Oh, to be young again, Michael and I mused. When we were six, frigid water wouldn't have kept us from swimming, either, if we really wanted to do it.

But, it appears, even childhood fantasies have their limitations when the truth is told. Last night, when we put Maya to bed, we said prayers and asked her the usual four questions before tucking her in:

  1. What are you thankful for today? I am thankful for going to Lake Minnetonka again!

  2. Who did you help today? I helped you by picking up my pretend carnival in the basement. (That's an entirely different story!)

  3. Who helped you today? You helped me by taking me to Lake Minnetonka.

  4. What did you learn today? I learned that it is still too cold to swim in Lake Minnetonka!

And there you have it, folks....straight from the horse's mouth!

Tuesday, May 27, 2008

The Surrey Without the Fringe on Top

On Sunday we decided to skip the gym and head outside for some exercise. It was a perfectly gorgeous day--not too hot, not too cold. We headed down to Minnehaha Falls Park, enjoyed the beauty of the falls,

and rented a surrey suitable for a family of four (the only one without the fringe on top, I must add!)The girls loved the hour-long ride we took around the park and along the Mississippi River.

Mike and I worked up a good sweat going uphill, then enjoyed the breeze going downhill, inhaling the sweet smell of the lilacs blooming all along the trail. Afterwards, we headed to the ice cream stand
and made a final stop at the playground before heading home. It was a great afternoon....about as good as they get, I think.

Sunday, May 25, 2008

In Memory and With Much Thanks....

This weekend, I have been thinking a lot about the true reason for Memorial Day--a day to set aside to remember those who have made the ultimate sacrifice for our country and our freedom. I say a prayer for the family members who mourn their loss, as well as for the survivors of war who continue to live with physical and/or mental disabilities as a result of war. I also make an effort to live more fully, savoring every moment, knowing that I have what I have as the result of many others' losses. It's both the least--and the most--I can do to show my gratitude.
I also think about loved ones who have passed on. As a child, I remember gathering up flowers in water buckets and taking them around to the graveyards in our hometown where family members and friends rested: My Grandpa Fullerton, whom I never met; Great Grandma Baker; our former landlady, Mrs. Pool, who used to make ceramic crafts for my birthday presents while she was in the nursing home. These are just a few, and there are more now. I won't be able to make it home to place flowers on their graves this year--I haven't for a long time. But I have it in my mind, and the memories of doing it as a child. Maya asked me today about the purpose of the Memorial Day holiday. I explained it to her, and told her about what we used to do every Memorial Day back in Ottawa. She wanted to go and put flowers on graves, too, but we don't know anyone buried here in Minneapolis, so we decided to set some flowers out for loved ones here at home. We picked some lilacs and put them in a vase in the kitchen.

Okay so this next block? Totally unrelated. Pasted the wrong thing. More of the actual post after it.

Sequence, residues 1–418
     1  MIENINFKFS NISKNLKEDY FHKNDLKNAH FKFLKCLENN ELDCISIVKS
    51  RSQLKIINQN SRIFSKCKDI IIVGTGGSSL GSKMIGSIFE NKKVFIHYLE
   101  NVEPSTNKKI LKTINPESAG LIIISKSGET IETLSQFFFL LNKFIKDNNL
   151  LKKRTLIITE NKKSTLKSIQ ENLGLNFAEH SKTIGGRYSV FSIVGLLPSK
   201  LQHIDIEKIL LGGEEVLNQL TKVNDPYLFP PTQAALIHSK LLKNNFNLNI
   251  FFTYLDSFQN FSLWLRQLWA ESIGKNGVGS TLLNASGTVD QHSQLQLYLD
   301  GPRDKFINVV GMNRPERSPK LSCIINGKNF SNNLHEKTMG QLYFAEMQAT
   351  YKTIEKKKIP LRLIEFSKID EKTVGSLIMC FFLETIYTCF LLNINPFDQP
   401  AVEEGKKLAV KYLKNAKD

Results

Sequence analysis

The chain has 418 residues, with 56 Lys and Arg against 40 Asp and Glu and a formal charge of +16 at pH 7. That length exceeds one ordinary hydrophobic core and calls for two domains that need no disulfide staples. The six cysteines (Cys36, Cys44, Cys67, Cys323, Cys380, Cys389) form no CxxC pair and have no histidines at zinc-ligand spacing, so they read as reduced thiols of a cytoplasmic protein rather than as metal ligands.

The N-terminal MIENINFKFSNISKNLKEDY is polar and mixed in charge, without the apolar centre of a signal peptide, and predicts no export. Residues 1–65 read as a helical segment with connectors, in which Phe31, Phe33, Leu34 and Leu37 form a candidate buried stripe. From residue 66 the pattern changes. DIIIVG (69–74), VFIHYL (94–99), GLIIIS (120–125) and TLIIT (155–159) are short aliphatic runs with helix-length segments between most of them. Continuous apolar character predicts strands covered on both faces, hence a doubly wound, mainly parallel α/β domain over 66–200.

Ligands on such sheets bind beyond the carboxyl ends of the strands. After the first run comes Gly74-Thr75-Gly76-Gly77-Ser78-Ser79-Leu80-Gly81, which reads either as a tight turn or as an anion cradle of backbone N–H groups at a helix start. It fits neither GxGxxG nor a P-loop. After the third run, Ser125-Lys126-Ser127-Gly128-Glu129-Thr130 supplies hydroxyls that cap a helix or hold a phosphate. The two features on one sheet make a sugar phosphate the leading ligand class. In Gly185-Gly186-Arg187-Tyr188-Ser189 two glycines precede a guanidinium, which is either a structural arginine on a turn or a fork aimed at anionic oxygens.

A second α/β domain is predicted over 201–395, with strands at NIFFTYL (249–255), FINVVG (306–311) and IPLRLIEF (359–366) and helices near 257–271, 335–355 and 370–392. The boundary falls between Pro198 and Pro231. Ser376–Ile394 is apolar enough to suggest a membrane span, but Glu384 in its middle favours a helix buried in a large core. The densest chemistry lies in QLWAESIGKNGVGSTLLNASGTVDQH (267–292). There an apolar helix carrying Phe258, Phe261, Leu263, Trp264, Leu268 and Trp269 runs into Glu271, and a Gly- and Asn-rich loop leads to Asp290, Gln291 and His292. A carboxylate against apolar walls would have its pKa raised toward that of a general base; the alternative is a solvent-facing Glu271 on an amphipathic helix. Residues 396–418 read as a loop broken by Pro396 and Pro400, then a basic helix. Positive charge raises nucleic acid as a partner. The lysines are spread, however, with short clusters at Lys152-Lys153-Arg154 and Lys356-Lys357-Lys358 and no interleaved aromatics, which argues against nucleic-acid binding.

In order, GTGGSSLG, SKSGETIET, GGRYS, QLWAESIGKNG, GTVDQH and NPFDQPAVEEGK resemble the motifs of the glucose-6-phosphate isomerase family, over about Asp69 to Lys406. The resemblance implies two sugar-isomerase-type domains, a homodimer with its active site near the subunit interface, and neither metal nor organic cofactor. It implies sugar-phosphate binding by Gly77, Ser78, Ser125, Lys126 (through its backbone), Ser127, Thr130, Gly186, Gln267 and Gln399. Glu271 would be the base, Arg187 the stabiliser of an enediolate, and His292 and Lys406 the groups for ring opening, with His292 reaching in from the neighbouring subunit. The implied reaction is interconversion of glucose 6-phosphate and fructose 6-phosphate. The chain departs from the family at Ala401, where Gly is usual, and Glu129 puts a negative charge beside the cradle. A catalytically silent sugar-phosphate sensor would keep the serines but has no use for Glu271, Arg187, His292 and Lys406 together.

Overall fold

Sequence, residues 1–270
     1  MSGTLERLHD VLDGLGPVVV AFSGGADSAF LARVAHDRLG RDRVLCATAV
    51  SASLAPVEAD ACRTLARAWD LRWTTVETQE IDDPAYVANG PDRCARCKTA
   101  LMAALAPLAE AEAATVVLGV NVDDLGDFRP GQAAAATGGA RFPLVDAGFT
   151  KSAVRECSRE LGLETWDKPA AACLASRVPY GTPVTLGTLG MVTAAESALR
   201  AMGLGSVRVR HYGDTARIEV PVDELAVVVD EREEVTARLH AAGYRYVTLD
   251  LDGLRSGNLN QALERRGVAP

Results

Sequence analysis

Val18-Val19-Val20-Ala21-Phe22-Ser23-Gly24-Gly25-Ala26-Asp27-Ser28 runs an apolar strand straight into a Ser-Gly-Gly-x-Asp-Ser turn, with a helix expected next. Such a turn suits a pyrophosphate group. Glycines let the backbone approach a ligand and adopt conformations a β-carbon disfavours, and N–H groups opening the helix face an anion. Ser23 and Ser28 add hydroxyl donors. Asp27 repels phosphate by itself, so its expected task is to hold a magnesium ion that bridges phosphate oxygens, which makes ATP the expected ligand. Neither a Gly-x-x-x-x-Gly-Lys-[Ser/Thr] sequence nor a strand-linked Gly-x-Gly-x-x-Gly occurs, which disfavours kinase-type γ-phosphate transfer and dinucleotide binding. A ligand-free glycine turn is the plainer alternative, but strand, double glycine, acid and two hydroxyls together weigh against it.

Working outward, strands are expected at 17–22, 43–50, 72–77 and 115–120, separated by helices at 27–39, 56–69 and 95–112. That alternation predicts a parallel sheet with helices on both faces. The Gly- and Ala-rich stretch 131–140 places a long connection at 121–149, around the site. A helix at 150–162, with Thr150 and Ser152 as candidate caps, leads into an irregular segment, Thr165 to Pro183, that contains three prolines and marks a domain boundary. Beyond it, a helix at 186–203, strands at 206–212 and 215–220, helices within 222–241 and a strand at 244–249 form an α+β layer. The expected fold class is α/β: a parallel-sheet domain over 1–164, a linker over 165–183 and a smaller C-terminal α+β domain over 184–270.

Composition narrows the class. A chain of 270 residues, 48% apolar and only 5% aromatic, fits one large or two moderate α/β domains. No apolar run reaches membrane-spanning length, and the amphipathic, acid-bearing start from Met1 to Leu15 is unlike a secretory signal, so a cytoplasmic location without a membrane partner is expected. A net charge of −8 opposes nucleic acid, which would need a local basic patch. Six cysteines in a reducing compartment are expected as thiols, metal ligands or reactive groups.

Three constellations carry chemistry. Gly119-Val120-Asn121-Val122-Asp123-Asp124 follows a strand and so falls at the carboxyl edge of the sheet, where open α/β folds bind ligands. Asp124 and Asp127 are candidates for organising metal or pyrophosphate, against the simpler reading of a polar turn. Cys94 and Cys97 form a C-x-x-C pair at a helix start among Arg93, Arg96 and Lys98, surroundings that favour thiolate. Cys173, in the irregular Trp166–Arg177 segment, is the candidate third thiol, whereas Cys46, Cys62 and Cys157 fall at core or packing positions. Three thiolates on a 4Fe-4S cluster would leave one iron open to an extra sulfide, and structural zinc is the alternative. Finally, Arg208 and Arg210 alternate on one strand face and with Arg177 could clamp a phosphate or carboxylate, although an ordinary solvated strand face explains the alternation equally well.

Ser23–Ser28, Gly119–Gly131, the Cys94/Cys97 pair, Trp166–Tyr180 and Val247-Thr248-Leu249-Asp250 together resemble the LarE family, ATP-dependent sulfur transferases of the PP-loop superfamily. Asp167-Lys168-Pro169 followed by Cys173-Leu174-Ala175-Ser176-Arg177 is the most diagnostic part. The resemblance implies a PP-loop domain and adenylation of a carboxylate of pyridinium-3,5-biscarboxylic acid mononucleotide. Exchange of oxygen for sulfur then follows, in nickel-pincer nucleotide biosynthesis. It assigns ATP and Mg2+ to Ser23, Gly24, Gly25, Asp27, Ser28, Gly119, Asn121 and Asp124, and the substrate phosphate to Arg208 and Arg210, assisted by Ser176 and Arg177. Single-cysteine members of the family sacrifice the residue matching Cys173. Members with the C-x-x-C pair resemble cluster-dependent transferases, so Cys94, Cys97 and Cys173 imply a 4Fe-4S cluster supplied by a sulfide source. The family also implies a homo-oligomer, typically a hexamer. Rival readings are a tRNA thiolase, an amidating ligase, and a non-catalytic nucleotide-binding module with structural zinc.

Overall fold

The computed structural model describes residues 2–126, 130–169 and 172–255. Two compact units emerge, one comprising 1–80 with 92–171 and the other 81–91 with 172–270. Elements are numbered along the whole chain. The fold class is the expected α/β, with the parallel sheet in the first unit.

We also went outside and watered the Lilies of the Valley,
which remind me of my Grandma Baker (Dran) who passed away Christmas 2006. We talked about Dran (Maya's Great Grandma Baker) and Bubs (Maya's Great Grandma Sylvia.) It's nice to remember people in the spring, when things are coming to life again. It reminds us that life goes on, and that those who are no longer with us continue to live within us...and all around us.

Thursday, May 22, 2008

Dodging and Deflecting

Today's Daily OM spoke to me loud and clear, as if it was written specifically for me. Letting things go and not taking things too much to heart have arguably been the biggest challenges of my life. And now that I have an anxious daughter (Maya was recently diagnosed with GAD, ODD, with a bit of OCD mixed in), I am forced to wrestle with this challenge more than ever. Which, I suppose, could be considered a blessing (at least that is the way I am going to look at it!)